Time for the West to grow-up and act in its best interests, and acknowledge that, yeah, OUR best interests ARE more important than any other nation.

  • vanderleun

    In the end we’re just going to have to go with Kurtz’ policy in Heart of Darkness or the classic policy of “More rubble, less trouble.”

    Not this time, but….. we’ll be back.

  • alex scipio

    History shows us how to remake an enemy into a poltical, economic and military ally: Destroy them first. It worked in Germany and Italy and Japan. Who was a greater ally 20-yrs after-the-fact? 1938 Germany or 1965 Germany?

    It worked for Rome (read: Empires of Trust) And it’s always worked for America.

    How NOT to make an economic or military or political ally: Vietnam, Iraq, Afghanistan.

    If we really care about the citizens of a nation and want them to become wealthy and free, wage total war and destroy their government and infrastructure and accept civilian losses as you do. If you don’t care about the citizens of a nation, and don’t care if they remain in poverty and have neither freedom nor liberty, pretend to wage a police action and reject total war.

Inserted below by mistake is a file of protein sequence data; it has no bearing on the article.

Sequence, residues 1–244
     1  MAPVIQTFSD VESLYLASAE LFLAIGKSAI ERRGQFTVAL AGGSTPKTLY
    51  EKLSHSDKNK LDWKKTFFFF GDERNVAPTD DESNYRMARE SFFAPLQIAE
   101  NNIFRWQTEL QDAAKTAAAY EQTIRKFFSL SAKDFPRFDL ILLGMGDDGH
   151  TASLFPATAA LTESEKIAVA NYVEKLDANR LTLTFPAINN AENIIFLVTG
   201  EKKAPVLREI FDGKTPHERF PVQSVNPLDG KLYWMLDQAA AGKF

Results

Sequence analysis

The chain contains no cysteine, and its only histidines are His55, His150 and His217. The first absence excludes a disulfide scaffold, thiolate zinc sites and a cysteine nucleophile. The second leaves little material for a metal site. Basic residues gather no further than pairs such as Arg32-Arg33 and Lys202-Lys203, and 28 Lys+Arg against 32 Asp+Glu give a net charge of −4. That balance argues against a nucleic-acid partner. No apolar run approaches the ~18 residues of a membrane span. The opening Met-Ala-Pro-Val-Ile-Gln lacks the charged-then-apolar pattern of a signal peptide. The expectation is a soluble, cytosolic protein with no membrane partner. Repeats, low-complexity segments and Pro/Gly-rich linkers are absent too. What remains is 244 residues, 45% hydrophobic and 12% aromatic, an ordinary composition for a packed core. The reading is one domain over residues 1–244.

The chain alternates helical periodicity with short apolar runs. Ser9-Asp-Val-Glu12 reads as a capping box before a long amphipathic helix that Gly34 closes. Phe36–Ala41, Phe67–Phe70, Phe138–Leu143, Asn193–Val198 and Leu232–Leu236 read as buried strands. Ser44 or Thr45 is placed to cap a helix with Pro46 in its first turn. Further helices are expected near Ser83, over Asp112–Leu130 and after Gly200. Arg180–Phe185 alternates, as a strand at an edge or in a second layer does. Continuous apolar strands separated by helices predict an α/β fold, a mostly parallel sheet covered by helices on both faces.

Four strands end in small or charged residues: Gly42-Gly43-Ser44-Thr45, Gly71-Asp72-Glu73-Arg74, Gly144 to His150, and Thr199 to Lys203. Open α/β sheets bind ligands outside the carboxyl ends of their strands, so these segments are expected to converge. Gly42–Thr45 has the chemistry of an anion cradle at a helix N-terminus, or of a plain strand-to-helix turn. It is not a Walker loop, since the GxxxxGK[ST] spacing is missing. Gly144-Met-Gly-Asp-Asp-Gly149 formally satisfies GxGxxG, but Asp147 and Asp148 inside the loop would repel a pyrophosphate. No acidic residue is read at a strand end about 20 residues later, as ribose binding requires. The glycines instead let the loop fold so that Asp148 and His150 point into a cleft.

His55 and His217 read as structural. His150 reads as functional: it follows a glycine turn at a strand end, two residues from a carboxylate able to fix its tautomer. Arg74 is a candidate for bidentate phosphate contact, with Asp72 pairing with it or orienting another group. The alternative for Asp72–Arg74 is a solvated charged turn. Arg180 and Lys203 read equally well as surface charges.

History is REAL CLEAR on this. For unknown reasons, the West has decided that we can cajole tyrants into freedom. Why? Why would a group in complete charge of a people and economy ever give it up voluntarily? Answer: They NEVER do.

  • Silverfiddle

    What will Afghanistan look like when America leaves?

    In short, it will look like Afghanistan before we got there.

    It’s past time to cut sling.

  • Jacksonian Libertarian

    Afghanistan is even more backward, ignorant, and uncivilized, than Iraq and I don’t think Iraq will be able to hold on to the cultural advances America planted there, so Afghanistan is likely to devolve back almost to pre 9/11 conditions. All we can do is make sure the al-Qaeda training camps don’t return with drone attacks for as long as necessary after the boots on the ground are long gone.

  • Jimmy J.

    alex scipio,
    Very astute comment. As a Vietnam vet, I’ve always known that calibrated violence meant to reduce “collateral damage” just wastes blood and treasure. War, if it comes to that, should be waged totally with a goal of unconditional surrender.

    Afghanistan may seem far away, but when it returns to Taliban control, it will again be a preferred place for jihadi training and operations. Those who think leaving Afghanistan means the conflict is over are in denial. The Islamists will keep coming until they are either eliminated or reformed.